When Friedrich Hayek, a Nobel Prize-winning economist and political scientist, was challenged in a television interview to give a simple explanation of price inflation, the Viennese aristocrat chose a plebeian simile: "It's like overeating and indigestion."
The interviewer settled for that because, apparently, the image was more vivid and evocative than the usual "too much money chasing too few goods."
I like Hayek's quip because it points to the pain that follows from exceeding the economy's capacity to handle rising pressures on available labor and (physical) capital resources. I also think that will help investment strategists understand the anxieties raised by the possibility that the White House and the Congress may soon agree on a budget-busting fiscal stimulus.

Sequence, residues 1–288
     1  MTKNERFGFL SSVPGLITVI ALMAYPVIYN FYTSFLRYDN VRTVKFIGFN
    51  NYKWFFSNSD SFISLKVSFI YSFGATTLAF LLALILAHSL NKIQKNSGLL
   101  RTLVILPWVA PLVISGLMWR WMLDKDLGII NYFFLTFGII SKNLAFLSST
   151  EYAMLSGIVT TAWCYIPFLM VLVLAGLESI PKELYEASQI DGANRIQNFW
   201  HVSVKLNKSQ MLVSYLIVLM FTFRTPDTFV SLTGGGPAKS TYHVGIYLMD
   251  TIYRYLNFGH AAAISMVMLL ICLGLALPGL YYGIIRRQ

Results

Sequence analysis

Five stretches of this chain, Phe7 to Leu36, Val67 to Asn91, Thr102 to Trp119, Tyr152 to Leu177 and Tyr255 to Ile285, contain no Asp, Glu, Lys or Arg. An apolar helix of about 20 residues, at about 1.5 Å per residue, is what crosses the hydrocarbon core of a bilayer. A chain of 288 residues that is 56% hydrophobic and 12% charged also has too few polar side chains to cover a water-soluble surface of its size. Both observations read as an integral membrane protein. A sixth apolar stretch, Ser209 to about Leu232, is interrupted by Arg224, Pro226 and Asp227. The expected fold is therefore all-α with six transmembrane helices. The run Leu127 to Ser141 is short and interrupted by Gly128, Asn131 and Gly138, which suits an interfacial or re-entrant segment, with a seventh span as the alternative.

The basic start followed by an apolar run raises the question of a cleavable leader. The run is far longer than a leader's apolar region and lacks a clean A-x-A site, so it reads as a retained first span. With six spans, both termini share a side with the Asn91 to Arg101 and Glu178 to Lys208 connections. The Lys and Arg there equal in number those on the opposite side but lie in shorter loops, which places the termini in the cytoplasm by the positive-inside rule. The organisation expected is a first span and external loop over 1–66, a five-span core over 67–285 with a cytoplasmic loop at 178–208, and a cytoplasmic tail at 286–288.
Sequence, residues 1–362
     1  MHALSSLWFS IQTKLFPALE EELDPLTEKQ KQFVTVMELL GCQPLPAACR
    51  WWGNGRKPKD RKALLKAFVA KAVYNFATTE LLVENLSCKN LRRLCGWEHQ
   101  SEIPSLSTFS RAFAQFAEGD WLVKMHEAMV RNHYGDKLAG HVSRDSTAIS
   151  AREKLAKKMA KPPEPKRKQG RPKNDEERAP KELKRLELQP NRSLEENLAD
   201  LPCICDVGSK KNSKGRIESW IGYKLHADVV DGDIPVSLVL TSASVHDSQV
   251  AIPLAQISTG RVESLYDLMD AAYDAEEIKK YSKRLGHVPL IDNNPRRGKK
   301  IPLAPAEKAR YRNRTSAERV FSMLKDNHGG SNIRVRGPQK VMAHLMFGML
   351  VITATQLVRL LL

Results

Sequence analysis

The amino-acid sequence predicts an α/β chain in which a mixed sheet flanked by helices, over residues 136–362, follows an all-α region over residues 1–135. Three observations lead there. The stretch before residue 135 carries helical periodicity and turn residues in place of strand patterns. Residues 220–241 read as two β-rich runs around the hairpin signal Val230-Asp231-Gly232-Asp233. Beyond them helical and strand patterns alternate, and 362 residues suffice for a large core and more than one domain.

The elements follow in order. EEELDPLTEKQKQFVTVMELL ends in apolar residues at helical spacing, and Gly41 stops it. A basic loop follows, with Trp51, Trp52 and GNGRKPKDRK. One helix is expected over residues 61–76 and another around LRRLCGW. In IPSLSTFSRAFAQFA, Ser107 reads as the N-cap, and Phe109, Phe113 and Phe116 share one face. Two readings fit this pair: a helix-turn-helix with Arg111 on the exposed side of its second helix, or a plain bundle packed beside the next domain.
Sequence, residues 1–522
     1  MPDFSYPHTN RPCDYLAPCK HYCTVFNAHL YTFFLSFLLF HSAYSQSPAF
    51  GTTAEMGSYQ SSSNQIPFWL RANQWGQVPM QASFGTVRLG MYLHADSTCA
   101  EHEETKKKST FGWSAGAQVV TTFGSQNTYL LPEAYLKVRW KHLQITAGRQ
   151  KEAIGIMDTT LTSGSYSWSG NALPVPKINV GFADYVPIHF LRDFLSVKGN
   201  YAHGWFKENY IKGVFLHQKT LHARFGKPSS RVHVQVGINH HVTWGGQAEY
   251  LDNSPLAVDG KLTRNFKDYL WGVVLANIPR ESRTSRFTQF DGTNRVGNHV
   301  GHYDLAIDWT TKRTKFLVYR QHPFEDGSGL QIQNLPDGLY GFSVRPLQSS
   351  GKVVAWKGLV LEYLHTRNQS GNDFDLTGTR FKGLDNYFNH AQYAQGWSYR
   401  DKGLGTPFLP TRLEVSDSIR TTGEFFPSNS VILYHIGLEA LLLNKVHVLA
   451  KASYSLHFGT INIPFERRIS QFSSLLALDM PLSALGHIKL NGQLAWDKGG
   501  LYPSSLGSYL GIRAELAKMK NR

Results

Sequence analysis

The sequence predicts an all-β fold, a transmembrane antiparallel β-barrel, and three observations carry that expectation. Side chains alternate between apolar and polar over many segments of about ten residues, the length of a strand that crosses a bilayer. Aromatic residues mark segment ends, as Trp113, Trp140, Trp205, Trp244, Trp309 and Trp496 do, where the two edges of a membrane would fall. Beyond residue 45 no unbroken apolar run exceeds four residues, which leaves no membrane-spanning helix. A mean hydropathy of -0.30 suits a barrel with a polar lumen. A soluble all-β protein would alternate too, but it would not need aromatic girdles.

Here are some numbers to illustrate the feast and the hangover.
In the first half of this year, the U.S. economy was growing at an annual rate of 2 percent. Most people, including myself, are not happy with that pace of economic growth. We want more — and faster. But the sad truth is even that growth rate of 2 percent is more than the current factors of production (labor and physical capital) can deliver under conditions of non-accelerating inflation.